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George Friedman: Libya Is an Indulgence by the Political Classes

George Friedman, CEO and founder of global intelligence firm STRATFOR, explains US policy on the Middle East and North Africa to Forbes India

Published: Apr 15, 2011 06:02:15 AM IST
Updated: Apr 12, 2011 05:28:17 PM IST
George Friedman: Libya Is an Indulgence by the Political Classes
George Friedman, CEO and founder, STRATFOR

In most conflicts, armies ask “What’s plan B?” In Libya they don’t even have a plan A.
It’s a state of mass confusion. The opposition is not in any sense a coherent opposition. The Europeans and the Americans appear to have very different ideas of what it is they are trying to achieve. Some say it is about protecting innocent lives, others say it is about removing Gadaffi. And third the amount of military force being brought over there is completely insufficient to achieve the goal. Airpower is a way to appear to be doing something when actually you are not being very effective. You can’t overwhelm the Gadaffi government. It’s unclear if anyone has a fair idea. It’s not an intervention but a political gesture with bombs.

What do you see as the larger political motive for the West’s stand on Libya?

I don’t think there is a larger political movement. This is a country of 6 million people, it is not a particularly significant country. It has some oil which is not trivial but it is not one of the world’s major oil producers. To a great extent, I regard this war as an indulgence by the political classes. There was a desire to appear to be effective to doing some good. No one is prepared to put in the resources that is necessary to do this.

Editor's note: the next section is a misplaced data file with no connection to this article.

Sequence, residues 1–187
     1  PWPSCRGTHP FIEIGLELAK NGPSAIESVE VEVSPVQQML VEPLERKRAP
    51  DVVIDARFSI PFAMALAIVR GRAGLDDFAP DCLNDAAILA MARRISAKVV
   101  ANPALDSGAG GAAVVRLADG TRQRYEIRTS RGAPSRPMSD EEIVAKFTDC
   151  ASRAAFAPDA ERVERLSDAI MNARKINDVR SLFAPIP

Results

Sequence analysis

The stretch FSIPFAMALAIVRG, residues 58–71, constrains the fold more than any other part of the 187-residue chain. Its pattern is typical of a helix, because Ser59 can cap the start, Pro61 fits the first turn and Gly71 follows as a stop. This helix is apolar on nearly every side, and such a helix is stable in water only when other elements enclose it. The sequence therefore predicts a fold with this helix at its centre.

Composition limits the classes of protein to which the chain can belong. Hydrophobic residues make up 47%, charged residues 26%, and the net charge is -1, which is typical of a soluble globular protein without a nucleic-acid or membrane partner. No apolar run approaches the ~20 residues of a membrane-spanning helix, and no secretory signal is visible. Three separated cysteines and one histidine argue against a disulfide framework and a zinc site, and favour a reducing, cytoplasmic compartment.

The Arab League has asked the West to move against Libya but the situation in Bahrain is the same and the response very different?
The United States uses Bahrain as a base for its 5th fleet. This is the American fleet in the Persian Gulf. The United States wants to retain that fleet. The United States was clearly not unhappy to see the Saudis come in and put down the rising. Will the rising remain suppressed? At this point there is every indication that the rising is over. There’s nothing going on to indicate that there is any organised resistance. This is about Saudi Arabia facing Iran and the United States approved what the Saudis did. The view is that the United States is the prime mover in all these cases, it can be but this is a situation where countries like Saudi Arabia and Iran are much more significant.

How will these conflicts affect Iran?
The US is in the process of withdrawing from Iraq. After the US withdraws, Iran is the major political power in the region regardless of whether it gets nuclear weapons or not. It has a substantial army. So with the US withdrawing, the balance of power in the Persian Gulf is tilting to Iran. Iran has a number of tools to assert itself and one of the major tools is the Shiite population on the Western side of the Persian Gulf. It will be exploited by Iran. Should the Shiites take power in Bahrain, it could trigger unrest among the Shiites in Saudi Arabia. It would represent a fundamental change in the power order in the region. But that change is taking place anyway.

Right now, it has to choose between the Iranians and the House of Saud. And in the end the Americans want oil to come out from the Persian Gulf and the Iranians want to sell oil. The real debate is between Saudi Arabia and Iran as to who will get the most money from this trade and in the end it will be the United States who will decide the answer to this question.

How much of the MENA conflict is a push for democracy and how much is local sectarian conflict? Is the rest of the World reading it right?
What you have to keep in mind is that is that what’s happening in Libya and Bahrain doesn’t have anything to do with democracy. It has to do with internal struggles. The difference being that the outcome of the Libyan struggle affects no one while the Bahrain struggle and other struggles in the Persian Gulf will affect the entire world. In Egypt it was the military that wanted Mubarak out.